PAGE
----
Other authors of family genealogies from the 19th Century have some of the difficulties and challenges that Elisha faced. Apparently, one game that 19th Century genealogists applied in contract research was to search for some member of English or other nobility to attach to a person’s ancestry. Another problem was that family data resources, such as the vital records of various jurisdictions, required physically visiting those jurisdictions. We are much more fortunate today with the resources of the Internet at our disposal.
When I started doing family research, I was following just my line of ancestry, as do the majority of people delving into family ancestry. I soon found that it wasn’t quite that simple, that there were five Joseph Leonards living in Middleborough, MA, in the 1700’s. To be relatively assured as to which Joseph was “mine,” I started a data base tracking all five, their parents, and their children. That grew to the 50,000 people I have in the data base today.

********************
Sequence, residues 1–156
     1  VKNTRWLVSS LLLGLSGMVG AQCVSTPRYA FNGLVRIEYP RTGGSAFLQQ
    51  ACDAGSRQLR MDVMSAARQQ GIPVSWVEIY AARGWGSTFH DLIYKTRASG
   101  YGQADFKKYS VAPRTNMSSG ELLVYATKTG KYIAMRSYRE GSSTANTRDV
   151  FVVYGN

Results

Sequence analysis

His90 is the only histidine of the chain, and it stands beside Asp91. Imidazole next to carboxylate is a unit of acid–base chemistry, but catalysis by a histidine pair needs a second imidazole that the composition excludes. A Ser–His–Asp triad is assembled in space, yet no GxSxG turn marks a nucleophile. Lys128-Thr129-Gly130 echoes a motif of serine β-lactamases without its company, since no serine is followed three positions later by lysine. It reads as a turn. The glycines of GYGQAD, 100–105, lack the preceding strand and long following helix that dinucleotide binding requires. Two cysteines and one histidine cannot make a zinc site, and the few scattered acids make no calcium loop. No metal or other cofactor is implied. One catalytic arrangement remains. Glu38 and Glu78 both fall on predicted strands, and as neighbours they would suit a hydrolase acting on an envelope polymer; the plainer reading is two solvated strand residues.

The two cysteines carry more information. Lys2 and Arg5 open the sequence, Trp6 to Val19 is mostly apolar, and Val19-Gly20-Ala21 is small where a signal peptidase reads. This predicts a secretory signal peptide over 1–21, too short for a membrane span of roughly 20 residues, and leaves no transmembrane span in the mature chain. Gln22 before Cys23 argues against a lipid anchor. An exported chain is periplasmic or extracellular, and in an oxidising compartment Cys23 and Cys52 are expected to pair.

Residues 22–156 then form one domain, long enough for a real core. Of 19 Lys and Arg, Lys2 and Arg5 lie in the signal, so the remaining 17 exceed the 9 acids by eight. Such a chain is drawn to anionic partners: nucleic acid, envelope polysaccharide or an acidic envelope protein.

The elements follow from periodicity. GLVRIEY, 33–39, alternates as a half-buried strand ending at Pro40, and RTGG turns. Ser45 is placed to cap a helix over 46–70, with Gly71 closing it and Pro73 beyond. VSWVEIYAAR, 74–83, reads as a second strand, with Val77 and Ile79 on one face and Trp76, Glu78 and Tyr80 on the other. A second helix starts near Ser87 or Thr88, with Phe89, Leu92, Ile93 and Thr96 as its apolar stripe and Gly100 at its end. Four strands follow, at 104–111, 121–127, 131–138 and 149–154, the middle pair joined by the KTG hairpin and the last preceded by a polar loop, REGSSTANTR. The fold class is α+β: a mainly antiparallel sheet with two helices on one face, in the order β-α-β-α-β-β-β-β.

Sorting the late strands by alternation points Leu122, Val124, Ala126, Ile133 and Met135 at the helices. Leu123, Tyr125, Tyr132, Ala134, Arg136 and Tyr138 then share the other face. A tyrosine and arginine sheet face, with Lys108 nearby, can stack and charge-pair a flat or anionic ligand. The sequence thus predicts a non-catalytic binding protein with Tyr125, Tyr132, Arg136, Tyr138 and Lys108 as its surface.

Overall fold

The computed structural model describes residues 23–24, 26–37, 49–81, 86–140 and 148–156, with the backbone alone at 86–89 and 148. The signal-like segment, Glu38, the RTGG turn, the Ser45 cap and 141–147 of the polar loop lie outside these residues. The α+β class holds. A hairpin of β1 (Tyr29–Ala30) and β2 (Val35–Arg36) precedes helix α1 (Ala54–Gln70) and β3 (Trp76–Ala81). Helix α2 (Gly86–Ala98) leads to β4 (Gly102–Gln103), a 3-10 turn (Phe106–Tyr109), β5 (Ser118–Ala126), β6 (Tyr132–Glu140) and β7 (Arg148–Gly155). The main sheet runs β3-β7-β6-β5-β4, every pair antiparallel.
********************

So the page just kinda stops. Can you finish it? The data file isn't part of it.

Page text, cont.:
What I learned early was that just because you found a Nathaniel Leonard with approximately the right birth and death dates and places, marriages, and children, he wasn’t necessarily “yours” -- that is, the one you were looking for. Because given names were so common and so oft repeated among the generations of Leonards, it was easy to plug in the wrong Nathaniel, or Thomas, or James, or whatever in your family tree. And it got worse, as you found that others had attached the wrong birth, marriage, or death date to someone of that name. And that error was replicated as others picked it up. So everyone needed to be checked over and over, whatever the source.
My original goal was to complete the descendants of James to a bit over 1800, figuring that from that time on, descendants would appear in the every-name-index of the censuses from 1850 on. I wanted to make the good work of Elisha and George readily available, and I wanted to make it easy for people to construct accurate ancestral trees, at least for the Leonards.
As I find new Leonards who need to be plugged into a line, I usually start with verifying their existence through the VR’s, the Census files, or some other reputable source. There are sometimes errors in the VR’s, the most common one the error of omission. The census entries usually include some other family members, as well as rough dates and states of birth. Need I mention that census entries also include errors, whether caused by the census taker or the individual giving the information.